Microsoft has confirmed the closure of its Finnish mobile phone unit, with all 1,350 staff at the unit set to lose their jobs. The cuts are part of Microsoft's previously announced plans to shed 1,850 jobs from its smartphone business, which it bought from Nokia in 2014.
The confirmation seems to be the final nail in the coffin of Nokia as a smartphone business, following Microsoft's sale of its feature phone business and the rights to the Nokia brand earlier this year. The 500 remaining roles that are set to be cut will be spread globally.
The cuts are set to cost Microsoft around $950m (£730m) in restructuring and impairment charges, with around $200m set to go towards staff severance payments. The sale of the feature phone business to FIH Mobile only brought in $350m for the company.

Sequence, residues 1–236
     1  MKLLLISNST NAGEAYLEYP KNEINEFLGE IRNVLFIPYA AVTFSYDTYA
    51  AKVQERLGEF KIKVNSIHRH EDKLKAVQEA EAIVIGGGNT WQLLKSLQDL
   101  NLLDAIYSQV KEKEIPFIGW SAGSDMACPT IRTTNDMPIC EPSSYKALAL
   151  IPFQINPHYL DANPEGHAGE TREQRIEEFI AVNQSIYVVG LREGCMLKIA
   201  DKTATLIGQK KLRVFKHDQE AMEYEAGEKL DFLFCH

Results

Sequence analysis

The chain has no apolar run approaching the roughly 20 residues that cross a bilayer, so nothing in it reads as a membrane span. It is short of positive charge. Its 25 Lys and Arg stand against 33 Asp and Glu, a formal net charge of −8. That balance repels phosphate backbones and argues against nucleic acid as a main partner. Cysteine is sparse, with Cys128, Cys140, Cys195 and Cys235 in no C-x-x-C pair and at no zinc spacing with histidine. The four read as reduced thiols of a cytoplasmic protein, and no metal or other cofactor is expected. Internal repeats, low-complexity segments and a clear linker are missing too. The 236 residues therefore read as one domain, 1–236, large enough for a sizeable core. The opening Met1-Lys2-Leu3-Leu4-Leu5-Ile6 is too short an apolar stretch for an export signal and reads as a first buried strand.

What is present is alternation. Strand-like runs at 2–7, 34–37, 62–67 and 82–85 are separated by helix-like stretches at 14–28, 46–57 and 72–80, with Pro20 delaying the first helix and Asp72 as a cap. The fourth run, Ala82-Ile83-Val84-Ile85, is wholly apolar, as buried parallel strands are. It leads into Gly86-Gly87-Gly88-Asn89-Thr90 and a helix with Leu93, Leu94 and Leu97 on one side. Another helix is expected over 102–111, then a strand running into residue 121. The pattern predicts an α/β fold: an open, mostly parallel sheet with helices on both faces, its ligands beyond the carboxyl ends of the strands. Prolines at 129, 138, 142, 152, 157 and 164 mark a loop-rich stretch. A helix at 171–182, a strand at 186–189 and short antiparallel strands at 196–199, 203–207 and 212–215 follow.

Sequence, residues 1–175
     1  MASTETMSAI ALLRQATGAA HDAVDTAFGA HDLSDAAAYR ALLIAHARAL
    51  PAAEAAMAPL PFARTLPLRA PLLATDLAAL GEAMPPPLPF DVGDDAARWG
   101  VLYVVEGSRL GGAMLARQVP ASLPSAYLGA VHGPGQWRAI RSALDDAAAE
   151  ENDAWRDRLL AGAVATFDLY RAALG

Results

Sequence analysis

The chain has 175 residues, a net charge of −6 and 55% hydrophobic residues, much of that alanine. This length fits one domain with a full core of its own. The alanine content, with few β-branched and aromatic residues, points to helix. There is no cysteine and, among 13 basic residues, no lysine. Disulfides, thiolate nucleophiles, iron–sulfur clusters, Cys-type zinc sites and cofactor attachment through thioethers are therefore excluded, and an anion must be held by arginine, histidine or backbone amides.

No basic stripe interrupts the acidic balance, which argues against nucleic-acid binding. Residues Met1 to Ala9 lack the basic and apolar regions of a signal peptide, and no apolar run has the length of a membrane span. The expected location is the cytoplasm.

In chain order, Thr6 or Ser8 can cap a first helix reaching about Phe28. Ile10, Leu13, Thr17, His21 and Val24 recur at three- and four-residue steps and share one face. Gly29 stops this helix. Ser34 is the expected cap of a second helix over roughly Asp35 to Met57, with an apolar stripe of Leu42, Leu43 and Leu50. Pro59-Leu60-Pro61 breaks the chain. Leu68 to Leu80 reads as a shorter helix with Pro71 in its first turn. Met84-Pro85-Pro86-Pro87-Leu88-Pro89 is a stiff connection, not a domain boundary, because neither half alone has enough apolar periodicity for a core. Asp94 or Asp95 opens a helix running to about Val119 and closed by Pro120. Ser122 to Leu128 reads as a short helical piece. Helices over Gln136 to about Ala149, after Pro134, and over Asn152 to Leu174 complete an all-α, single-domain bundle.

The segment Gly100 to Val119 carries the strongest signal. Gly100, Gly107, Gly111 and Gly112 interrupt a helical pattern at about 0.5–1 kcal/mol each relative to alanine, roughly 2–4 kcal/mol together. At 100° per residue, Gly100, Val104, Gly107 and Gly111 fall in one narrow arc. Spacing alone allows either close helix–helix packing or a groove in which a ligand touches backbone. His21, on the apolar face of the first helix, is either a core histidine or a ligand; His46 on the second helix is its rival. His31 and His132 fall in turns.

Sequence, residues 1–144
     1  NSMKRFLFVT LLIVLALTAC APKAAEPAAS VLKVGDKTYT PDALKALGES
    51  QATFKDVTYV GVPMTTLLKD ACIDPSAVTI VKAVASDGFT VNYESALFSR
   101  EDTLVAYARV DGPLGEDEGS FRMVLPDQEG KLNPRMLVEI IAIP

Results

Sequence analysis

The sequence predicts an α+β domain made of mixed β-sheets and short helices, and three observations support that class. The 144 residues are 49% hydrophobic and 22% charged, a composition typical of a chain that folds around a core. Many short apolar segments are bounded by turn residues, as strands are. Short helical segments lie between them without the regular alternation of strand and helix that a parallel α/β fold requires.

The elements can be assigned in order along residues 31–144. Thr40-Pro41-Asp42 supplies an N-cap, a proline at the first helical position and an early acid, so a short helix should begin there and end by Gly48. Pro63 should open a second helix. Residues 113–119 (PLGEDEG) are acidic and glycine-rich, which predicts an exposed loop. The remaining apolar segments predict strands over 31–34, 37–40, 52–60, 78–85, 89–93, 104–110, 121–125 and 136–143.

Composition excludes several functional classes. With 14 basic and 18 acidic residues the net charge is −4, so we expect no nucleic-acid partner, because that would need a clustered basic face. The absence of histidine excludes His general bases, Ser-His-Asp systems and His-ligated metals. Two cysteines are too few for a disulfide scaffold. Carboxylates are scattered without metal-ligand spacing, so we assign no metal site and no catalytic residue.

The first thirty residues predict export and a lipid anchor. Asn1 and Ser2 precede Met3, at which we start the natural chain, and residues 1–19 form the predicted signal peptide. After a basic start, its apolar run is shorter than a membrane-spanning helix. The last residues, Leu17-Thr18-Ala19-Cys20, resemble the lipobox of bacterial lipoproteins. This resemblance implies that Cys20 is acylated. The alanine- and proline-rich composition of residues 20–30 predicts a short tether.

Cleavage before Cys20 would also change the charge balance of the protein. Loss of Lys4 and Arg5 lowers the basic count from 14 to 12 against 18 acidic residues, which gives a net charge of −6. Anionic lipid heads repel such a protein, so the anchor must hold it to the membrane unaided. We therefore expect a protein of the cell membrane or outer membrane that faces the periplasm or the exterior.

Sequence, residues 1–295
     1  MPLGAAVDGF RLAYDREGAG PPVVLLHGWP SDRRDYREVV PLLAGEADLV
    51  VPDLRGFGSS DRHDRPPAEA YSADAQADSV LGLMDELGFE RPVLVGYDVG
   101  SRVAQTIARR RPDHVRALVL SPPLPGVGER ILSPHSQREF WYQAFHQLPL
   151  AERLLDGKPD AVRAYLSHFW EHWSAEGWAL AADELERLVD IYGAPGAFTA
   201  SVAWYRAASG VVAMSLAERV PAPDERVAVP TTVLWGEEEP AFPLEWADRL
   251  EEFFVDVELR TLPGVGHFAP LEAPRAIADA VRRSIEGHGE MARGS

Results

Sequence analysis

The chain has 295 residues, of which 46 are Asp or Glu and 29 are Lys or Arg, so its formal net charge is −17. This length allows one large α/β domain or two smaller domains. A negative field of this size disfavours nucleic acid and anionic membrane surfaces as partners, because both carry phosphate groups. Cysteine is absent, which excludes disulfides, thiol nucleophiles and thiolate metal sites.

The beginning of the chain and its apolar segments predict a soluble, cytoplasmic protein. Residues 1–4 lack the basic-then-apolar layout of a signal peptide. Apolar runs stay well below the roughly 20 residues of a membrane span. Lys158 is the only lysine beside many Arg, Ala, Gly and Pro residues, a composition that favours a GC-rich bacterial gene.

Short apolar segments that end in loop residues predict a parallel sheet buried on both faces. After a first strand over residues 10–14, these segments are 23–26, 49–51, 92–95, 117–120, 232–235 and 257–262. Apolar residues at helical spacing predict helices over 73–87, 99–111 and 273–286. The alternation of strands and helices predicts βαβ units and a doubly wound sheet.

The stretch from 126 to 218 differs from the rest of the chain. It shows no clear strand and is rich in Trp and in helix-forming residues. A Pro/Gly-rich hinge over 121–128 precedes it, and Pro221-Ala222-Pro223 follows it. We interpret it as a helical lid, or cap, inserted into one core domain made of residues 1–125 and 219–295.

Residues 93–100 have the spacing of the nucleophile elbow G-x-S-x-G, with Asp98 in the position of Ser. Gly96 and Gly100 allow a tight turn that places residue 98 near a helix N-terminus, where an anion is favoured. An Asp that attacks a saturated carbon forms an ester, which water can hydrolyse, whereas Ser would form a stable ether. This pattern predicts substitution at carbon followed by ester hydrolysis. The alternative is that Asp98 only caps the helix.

The purchase of Nokia proved to something of a poisoned chalice for Microsoft, costing the company heavily while failing to produce results in terms of either revenues, or earn its cost back when later sold off. The rise of Apple and competitive Asian manufacturers like Huawei and Xiaomi ate away at both the top and bottom end of the market, and left Nokia with nowhere left to compete.
"We are focusing our phone efforts where we have differentiation – with enterprises that value security, manageability and our Continuum capability, and consumers who value the same,” said Microsoft CEO Satya Nadella when the cuts were first announced. “We will continue to innovate across devices and on our cloud services across all mobile platforms.”
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